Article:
Ecclesiastes 2:11 “Then I looked on all the works that my hands had wrought, and on the labour that I had laboured to do: and, behold, all was vanity and vexation of spirit, and there was no profit under the sun.”
I see what others have; talent, beauty, charisma, money, fame, influence, and I desire what they have. God tells me that I should not look at the things of others and lust after them.
Exodus 20:17 “Thou shalt not covet thy neighbour’s house, thou shalt not covet thy neighbour’s wife, nor his manservant, nor his maidservant, nor his ox, nor his ass, nor any thing that is thy neighbour’s.”
This is one of the ten commandments given to Moses. It is not only an Old Testament law, but it is also in the New Testament as well.
Matthew 5:27-28 “Ye have heard that it was said by them of old time, Thou shalt not commit adultery: But I say unto you, That whosoever looketh on a woman to lust after her hath committed adultery with her already in his heart.”
Luke 12:15 “And he said unto them, Take heed, and beware of covetousness: for a man’s life consisteth not in the abundance of the things which he possesseth.”
God gave Solomon wisdom more in abundance than He gave to any other. As Solomon began to explore where that wisdom would take him, he began to form thoughts. Those thoughts turned to action, action to experience, and experience into truth.
What he found when he followed his desires is chronicled throughout the Book of Proverbs and Ecclesiastes. To know that Solomon sought wealth and found no solace in it should be a lesson to us. Yet, there are saved folk who will play the lottery and gamble money God gave with which to be good stewards.
Everything aforementioned above talent, beauty, charisma, money, fame, power, and influence; all are vanity. Vanity is not a word we use today in this context.
Vanity defined is emptiness, a fruitless endeavor or desire, or empty pleasure.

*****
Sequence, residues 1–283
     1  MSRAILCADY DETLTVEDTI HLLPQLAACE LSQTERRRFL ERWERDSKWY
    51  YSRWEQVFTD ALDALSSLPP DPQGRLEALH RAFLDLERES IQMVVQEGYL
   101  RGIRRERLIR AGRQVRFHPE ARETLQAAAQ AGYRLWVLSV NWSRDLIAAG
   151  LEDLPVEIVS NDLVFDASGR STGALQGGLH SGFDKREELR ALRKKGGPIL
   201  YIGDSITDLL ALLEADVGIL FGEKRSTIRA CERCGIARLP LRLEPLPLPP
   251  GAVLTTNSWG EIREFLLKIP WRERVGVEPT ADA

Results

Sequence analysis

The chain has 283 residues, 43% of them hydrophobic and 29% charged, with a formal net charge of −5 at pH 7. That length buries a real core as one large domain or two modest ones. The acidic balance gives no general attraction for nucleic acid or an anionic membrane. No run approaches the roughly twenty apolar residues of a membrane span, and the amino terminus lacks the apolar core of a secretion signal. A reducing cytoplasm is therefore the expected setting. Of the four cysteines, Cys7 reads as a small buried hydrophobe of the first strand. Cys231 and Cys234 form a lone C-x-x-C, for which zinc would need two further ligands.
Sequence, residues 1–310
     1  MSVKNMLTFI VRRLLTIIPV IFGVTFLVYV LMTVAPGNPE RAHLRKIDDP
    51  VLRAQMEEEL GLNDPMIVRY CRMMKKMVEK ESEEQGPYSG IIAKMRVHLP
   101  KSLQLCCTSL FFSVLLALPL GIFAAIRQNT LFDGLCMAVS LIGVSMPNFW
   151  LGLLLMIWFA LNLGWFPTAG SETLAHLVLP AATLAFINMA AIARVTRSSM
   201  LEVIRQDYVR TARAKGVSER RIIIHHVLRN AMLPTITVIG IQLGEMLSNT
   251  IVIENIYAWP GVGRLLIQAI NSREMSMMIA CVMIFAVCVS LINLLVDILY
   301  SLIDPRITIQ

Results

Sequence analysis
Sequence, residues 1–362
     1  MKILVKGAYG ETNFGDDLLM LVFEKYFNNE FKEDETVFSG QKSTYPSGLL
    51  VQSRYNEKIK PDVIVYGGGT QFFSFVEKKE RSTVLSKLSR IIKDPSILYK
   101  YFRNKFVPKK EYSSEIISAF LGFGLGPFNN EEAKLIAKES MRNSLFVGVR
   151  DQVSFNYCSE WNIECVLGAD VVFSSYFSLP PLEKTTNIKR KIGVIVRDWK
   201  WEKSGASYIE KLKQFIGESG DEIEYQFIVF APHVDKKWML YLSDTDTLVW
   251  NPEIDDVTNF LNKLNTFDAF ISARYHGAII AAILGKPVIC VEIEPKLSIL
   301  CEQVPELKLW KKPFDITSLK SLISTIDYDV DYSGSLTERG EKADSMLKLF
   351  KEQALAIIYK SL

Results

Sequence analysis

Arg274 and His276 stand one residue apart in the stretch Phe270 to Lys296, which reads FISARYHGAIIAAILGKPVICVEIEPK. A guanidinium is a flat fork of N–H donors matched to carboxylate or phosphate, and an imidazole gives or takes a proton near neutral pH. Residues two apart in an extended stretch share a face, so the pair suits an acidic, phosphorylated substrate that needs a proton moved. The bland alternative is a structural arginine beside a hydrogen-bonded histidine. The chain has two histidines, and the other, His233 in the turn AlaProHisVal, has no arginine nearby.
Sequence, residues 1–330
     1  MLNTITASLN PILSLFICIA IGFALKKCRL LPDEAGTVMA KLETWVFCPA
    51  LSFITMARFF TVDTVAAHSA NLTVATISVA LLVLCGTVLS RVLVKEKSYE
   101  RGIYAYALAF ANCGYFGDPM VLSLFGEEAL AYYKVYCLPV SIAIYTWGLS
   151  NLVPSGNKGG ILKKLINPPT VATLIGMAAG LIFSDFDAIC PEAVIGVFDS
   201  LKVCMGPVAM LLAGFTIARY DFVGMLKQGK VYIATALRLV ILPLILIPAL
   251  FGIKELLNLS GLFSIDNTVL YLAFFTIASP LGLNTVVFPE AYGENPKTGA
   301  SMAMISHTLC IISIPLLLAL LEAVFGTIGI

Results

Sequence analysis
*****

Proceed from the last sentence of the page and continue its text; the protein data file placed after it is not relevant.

Solomon sought this out.
Ecclesiastes 1:13 “And I gave my heart to seek and search out by wisdom concerning all things that are done under heaven: this sore travail hath God given to the sons of man to be exercised therewith.”
He begins the Book of Ecclesiastes:
Ecclesiastes 1:2 “Vanity of vanities, saith the Preacher, vanity of vanities; all is vanity.”
And ends with:
Ecclesiastes 12:8 “Vanity of vanities, saith the preacher; all is vanity.”
So, if the wisest man that ever lived sought out all the things we seek and found them to be nothing but emptiness and fruitless, why is it that we continue after them?
The very definition of insanity – doing the same things over and over expecting different results – tells me that to go after what has already been proven to be nothing will yield the same results that Solomon received.
Are we that proud? Or are we that foolish or simple to think we can be different?
If I may, can we step back and look at the root of this kind of desire?
Typically, it is a need that precipitates the desire. Comfort, ease, luxury, and pleasure are all things we would like to feel, but it may be born out of the desire not to have to go through difficulty or trials.
Most do not like confrontation. Some thrive on it.
Paul, the great apostle, found himself in a situation where he desired to do more for God. He looked at his life and saw that there were hindrances. He brought those hindrances before God and asked that they be removed.
Those very hindrances, which Paul called infirmities, were God-ordained for Paul to experience a characteristic of God he would otherwise never had come in contact. For us to understand God, it may take venturing out into unchartered territory. Uncomfortable places. Scary situations.
Paul shares with us what he learned.
2 Corinthians 12:9-10 “And he said unto me, My grace is sufficient for thee: for my strength is made perfect in weakness. Most gladly therefore will I rather glory in my infirmities, that the power of Christ may rest upon me. Therefore I take pleasure in infirmities, in reproaches, in necessities, in persecutions, in distresses for Christ’s sake: for when I am weak, then am I strong.”
We can look at the end of Solomon’s life and find what wisdom gained him. All the luxury, opulence, riches, fame, and power could never replace what he lost when his thousands of wives turned his heart against the God that gave him the wisdom.
Paul’s wisdom was practical.
He was allowed by God to share with us his struggles of the Christian life.
The end of his life, in martyrdom, shows a desire to give all unto death to that which he saw was worthy of his all.
Let us shake off this mediocrity today and live victoriously through Jesus Christ!